Florida lawmakers tackle gun-related issues

Proposed legislation could either limit or expand firearms in Florida

TALLAHASSEE, Fla. – As the 2019 legislative session gets underway next month at the Florida Capitol, several state lawmakers have filed bills to expand gun ownership in Florida, while others are attempting to place additional restrictions on firearms possession, including assault-style rifles.

In addition, some legislators are asking their colleagues to reconsider several new gun control measures signed into law following last year's deadly school shooting at Marjory Stoneman Douglas High School.

Lawmaker seeks repeal of gun restrictions passed after Parkland shooting

Just three weeks after a gunman killed 17 students and staff members at a high school in Parkland last February, former Gov. Rick Scott signed the Marjory Stoneman Douglas High School Public Safety Act into law.

The comprehensive legislation provided funding for additional school resource officers, campus security improvements and mental health programs.

The act also created the school guardian program to allow certain trained school personnel to carry guns on campus.

In addition, the new law implemented several new gun control measures, such as raising the minimum age to purchase a firearm, banning bump stocks and giving judges and law enforcement the power to seize guns from Floridians who pose a danger to themselves or others.

"I was shocked. I was shocked the governor did sign it," said newly-elected state Rep. Mike Hill. "I didn't think (the bill) was properly vetted."

Hill, a Republican who represents Pensacola and parts of Northwest Florida, said he campaigned for office in part on a promise to repeal those parts of the Marjory Stoneman Douglas Public Safety Act he believes are unconstitutional.

"Every time I said that, I got a standing ovation," Hill told News 6. "When I saw this infringement upon the Second Amendment of our Constitution, I was duty-bound, I was obligated to file legislation to repeal that."

The legislation, also known as SB 7026, narrowly passed the Florida Senate by a vote 20-18. The state House of Representatives later voted 67-50 in favor of the measure.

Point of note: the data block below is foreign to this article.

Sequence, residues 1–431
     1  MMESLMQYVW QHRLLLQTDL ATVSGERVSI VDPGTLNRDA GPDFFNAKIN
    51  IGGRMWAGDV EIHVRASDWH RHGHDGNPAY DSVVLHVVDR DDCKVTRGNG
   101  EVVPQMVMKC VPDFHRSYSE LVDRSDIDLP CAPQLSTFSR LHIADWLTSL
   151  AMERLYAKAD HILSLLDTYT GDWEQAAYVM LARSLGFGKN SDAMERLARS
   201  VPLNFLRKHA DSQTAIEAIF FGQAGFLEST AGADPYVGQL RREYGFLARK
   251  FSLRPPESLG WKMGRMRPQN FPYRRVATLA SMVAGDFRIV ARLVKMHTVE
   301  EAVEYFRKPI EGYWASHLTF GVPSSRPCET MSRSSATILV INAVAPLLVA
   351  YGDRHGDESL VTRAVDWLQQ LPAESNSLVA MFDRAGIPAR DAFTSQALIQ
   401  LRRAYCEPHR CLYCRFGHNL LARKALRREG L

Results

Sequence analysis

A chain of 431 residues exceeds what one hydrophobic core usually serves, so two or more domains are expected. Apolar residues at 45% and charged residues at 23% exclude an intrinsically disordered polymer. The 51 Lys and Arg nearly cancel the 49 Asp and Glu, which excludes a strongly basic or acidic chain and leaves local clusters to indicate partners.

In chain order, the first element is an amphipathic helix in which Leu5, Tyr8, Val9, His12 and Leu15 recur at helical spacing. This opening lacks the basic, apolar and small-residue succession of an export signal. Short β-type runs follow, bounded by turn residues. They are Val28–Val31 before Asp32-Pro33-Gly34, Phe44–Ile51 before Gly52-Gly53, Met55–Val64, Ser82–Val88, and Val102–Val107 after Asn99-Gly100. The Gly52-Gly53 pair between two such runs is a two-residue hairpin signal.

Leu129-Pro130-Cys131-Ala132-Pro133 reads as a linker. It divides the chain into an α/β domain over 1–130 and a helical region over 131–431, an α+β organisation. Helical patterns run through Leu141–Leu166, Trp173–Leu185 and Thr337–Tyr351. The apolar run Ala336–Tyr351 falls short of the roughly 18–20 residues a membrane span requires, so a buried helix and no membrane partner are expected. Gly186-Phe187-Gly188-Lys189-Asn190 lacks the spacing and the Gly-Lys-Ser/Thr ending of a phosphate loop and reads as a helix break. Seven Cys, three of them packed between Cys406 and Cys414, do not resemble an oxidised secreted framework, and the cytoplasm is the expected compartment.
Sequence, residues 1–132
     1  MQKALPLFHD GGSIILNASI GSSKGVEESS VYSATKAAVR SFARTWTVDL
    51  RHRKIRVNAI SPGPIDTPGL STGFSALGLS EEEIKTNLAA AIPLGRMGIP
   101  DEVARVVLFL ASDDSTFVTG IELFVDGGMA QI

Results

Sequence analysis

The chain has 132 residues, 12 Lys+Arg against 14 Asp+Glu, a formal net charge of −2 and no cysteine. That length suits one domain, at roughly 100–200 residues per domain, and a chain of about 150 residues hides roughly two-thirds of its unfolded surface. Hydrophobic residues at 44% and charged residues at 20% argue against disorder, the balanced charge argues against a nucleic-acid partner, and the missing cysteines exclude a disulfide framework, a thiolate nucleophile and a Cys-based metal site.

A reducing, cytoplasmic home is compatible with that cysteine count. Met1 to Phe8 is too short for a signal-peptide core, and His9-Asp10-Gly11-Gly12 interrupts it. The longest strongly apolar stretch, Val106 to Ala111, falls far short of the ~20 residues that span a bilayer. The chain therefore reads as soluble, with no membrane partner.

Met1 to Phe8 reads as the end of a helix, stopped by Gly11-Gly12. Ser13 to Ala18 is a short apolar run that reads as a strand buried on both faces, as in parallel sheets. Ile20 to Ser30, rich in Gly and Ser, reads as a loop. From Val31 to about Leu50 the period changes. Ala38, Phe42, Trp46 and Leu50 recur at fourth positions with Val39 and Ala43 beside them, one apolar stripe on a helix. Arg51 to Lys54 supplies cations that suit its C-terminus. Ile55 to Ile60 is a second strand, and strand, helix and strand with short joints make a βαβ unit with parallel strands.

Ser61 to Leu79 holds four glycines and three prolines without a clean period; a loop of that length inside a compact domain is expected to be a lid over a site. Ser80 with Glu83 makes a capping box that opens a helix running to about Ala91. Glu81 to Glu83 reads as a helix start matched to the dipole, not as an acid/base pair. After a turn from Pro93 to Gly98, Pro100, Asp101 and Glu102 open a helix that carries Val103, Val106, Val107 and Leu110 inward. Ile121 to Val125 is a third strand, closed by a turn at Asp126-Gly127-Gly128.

Hill has filed a bill that would repeal or change several aspects of that new law, including a provision that raised the minimum age to 21 years old to purchase a rifle or shotgun.  

Previously, Florida limited those sales to people older than 18. Federal law prohibits licensed dealers from selling handguns to anyone younger than 21.

"We have young people, 18 years old, going off to the military fighting our battles," said Hill, a retired Air Force captain. "And now you're telling me they cannot purchase a weapon?"

Under existing Florida law, active service members may purchase a rifle or shotgun if they're 18 or older.

Hill is also seeking to repeal the state's ban on bump stocks, which state law defines as a "device used to alter the rate of fire of a firearm to mimic automatic weapon fire."

In 2017, a gunman used a bump stock to kill 58 people and injure more than 800 others during a music festival in Las Vegas, authorities said.

Hill claims the definition of a bump stock is too broad under the new Florida law.

"Let's say you want to get a new trigger, so you change the trigger. That's a bump stock," Hill said. "It's making your weapon able to fire easier or faster."

The bill filed by Hill seeks to repeal the bump stock ban rather than redefine it.

Hill is also seeking to repeal the new law allowing judges to issue risk protection orders to seize weapons from gun owners for up to 12 months if law enforcement presents "clear and convincing evidence" that they pose a danger to themselves or others.

"The weapon itself does not cause the danger or cause the harm. It's the person holding that weapon," Hill told News 6. "We know we have issues here. There are people who, through substance abuse or poor family conditions, where perhaps their mental capacity or ability isn't where it needs to be. We need to treat that."

Hill expresed concern that military veterans, in particular, could be harmed by such risk protection orders.

"Many of our fighting men and women who come back from over in a war zone are diagnosed with (Post Traumatic Stress Disorder)," said Hill.  "Someone may construe them as not having the mental capacity to be able to have a firearm."

State Rep. Carlos Guillermo Smith doubts his fellow Democrats will support such a repeal.

"I think the risk protection order provision in the bill had the most impact on gun violence prevention," Smith said. "We are looking for ways to expand these risk protection orders, these red flag programs, to make sure guns are not in the hands of people who should not have them."

Smith, who represents parts of Orlando, voted against SB 7026 because the legislation allows certain school personnel to carry guns on campus.